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June 12, 2014: We've scoured the Web to find the best and most compelling animal stories, videos and photos. And it's all right here.
Danny, a German Shepherd, could be heard whining Tuesday during his partner’s funeral procession and throughout the service. His handler, Constable David Ross, was one of three Royal Canadian Mounted Police officers who were killed in a shooting spree in Moncton, New Brunswick, last week. At one point, the dog, who started working with Ross in December 2012, stood on his hind legs to sniff his partner’s Stetson hat. In response to an outpouring of questions about Danny’s future, the RCMP said Wednesday that although it’s unusual for a police service dog to change handlers, Danny may be kept on the force to have a trial bonding period with a potential new handler. “It wouldn't be fair to Danny to retire him as he loved his work as much as Dave did,” said Ross’ wife, Rachel. "Anytime Danny barked at home, it would be to get Dave to open the truck door so they could go to work.” — Read it at the New York Daily News
Adult sea otters have very high energy demands, and a new study finds that a female’s energy demands nearly double while she’s nursing a pup. “What these females are doing to raise a pup is really extraordinary," said UC Santa Cruz biologist Nicole Thometz, who studied otters at the Monterey Bay Aquarium. The findings help explain why female sea otters are often found weak and skinny at the end of the 6-month lactation period and why they may abandon a pup before it’s fully grown. The study was published in Journal of Experimental Biology. — Read it at Phys.org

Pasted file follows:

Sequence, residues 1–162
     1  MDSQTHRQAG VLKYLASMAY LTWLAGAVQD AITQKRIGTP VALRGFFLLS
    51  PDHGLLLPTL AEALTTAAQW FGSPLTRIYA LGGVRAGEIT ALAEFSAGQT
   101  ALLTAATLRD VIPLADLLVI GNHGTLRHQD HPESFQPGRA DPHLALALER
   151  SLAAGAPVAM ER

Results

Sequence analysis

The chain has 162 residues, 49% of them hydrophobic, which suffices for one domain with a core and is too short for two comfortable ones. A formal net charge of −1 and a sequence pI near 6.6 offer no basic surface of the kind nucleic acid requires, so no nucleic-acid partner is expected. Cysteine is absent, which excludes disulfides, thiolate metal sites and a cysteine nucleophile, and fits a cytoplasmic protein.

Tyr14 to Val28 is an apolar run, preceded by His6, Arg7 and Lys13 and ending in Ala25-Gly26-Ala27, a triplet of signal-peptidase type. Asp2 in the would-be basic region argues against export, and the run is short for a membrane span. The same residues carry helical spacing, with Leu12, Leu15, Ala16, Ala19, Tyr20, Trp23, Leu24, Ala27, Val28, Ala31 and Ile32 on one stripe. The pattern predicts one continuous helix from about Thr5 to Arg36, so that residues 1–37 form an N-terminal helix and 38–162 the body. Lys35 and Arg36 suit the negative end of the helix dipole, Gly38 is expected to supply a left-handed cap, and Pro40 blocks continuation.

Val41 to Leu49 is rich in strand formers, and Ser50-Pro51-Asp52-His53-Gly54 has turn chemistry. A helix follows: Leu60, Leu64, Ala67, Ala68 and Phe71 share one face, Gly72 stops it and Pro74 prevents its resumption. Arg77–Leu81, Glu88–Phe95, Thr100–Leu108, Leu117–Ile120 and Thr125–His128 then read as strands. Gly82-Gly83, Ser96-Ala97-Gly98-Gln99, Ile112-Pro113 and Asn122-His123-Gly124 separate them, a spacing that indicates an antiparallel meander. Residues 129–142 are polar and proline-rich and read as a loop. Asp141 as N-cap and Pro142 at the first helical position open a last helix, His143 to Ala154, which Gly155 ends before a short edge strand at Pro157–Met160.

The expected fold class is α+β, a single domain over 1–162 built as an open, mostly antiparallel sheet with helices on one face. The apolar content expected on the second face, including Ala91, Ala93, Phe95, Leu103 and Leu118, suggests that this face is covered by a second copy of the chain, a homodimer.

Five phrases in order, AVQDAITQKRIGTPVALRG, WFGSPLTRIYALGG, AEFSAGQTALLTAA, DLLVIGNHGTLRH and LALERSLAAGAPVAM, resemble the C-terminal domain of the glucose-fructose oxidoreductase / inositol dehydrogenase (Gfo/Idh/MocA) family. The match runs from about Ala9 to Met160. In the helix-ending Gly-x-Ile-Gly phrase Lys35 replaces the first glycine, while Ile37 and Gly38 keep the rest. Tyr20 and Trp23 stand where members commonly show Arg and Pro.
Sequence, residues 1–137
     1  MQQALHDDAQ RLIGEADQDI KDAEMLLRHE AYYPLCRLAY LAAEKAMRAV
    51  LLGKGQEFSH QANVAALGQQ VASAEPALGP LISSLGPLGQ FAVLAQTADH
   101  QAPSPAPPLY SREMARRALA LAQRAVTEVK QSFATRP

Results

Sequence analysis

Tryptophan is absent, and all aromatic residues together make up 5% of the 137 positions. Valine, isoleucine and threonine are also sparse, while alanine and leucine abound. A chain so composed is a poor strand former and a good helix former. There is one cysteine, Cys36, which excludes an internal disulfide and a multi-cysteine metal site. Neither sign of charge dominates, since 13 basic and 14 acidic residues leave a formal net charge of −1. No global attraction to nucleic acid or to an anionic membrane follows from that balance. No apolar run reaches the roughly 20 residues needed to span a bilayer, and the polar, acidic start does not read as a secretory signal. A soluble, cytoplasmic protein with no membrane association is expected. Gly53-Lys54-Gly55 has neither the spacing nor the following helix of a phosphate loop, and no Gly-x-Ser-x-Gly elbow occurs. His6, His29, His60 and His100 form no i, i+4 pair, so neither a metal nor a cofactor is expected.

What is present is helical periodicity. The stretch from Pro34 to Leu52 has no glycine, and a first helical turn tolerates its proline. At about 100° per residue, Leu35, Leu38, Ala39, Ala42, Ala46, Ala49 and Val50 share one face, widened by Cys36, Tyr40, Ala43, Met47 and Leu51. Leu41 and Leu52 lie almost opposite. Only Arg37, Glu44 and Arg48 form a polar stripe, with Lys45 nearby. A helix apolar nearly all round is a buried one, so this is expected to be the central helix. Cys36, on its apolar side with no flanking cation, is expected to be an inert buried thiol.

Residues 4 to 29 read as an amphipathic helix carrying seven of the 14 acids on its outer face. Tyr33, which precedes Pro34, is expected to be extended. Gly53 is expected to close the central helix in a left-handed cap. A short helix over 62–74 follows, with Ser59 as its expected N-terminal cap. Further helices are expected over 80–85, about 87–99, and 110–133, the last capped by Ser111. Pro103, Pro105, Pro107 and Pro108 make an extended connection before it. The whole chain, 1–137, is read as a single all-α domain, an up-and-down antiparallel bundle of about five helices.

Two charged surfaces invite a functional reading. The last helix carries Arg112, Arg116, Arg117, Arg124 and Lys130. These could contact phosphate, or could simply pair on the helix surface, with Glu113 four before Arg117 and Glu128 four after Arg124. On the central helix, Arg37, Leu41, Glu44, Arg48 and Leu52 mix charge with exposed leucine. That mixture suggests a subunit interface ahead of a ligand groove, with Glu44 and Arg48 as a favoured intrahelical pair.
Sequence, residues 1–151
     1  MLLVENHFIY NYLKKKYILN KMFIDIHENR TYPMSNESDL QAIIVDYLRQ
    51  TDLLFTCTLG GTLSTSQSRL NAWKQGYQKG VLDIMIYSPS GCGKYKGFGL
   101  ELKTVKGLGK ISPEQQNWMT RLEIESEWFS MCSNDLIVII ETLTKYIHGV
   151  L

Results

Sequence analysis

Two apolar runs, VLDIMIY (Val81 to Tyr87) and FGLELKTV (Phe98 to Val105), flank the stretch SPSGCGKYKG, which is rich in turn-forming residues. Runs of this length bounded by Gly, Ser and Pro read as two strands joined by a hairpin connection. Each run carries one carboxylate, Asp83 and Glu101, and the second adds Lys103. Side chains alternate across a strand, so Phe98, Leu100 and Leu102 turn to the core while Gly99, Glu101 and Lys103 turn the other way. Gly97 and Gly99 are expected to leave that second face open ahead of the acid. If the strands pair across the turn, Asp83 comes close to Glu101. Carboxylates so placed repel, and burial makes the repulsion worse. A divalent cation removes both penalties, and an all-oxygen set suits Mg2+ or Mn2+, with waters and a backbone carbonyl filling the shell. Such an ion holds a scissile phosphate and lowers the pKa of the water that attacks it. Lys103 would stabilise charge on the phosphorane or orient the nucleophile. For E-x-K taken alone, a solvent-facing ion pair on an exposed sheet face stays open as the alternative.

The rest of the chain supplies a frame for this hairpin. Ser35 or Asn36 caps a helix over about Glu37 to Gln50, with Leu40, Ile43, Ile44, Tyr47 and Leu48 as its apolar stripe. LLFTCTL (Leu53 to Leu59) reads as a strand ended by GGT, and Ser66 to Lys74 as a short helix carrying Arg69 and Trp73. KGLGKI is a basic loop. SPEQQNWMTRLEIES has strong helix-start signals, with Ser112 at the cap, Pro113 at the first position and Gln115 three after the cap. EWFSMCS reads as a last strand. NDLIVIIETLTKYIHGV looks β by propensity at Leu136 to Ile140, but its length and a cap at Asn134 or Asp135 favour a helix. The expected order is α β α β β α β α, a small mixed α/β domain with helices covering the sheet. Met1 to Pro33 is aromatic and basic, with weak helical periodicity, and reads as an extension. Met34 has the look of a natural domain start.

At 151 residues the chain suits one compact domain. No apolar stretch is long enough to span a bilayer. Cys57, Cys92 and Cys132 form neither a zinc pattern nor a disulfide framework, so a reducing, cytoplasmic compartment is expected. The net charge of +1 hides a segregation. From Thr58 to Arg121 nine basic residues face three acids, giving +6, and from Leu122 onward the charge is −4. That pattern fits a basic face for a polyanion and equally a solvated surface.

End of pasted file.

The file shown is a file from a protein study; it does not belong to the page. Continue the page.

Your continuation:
Known for their problem-solving abilities and their skills with tools, New Caledonian crows have been called “feathered primates.” But when Alex Taylor from the universities of Cambridge and Auckland tested five wild New Caledonian crows with a task to get a piece of meat, all five of them failed in more than 100 trials. “We thought they’d be good at this,” Taylor said. “It’s interesting that they really, really struggle.” Then the researchers gave the same task to 22 human babies, with the reward being a marble instead of meat, and most of the 2-year-olds passed “with flying colors.” The findings were published in Proceedings of the Royal Society B. — Read it at National Geographic
Less than a month after earning the Guinness World Record title for Oldest Cat Currently Living, the British feline Poppy died Friday at age 24. The cat’s owner, Jacqui West, said she and her family are “devastated” by their loss. “It’s great she managed to get the world record beforehand, it’s almost like she was purposely hanging in there because the process took months.” West has attributed Poppy’s longevity to her diet and exercise, although she was known to enjoy a bit of KFC chicken once in a while. — Read it at the U.K.’s Metro
We can’t think of a better Grinch. Grumpy Cat, the Internet celebrity with the permanent frown, is getting a Lifetime holiday movie called “Grumpy Cat’s Worst Christmas Ever.” The story is about a cat who’s been continually overlooked at a pet store and a 12-year-old girl who can communicate with her. "It brings fun and irreverence that we haven't had at Lifetime," says the network’s Arturo Interian. "We're so known for our heartfelt sentimentality that it will poke fun at those stereotypes." — Read it at The Hollywood Reporter
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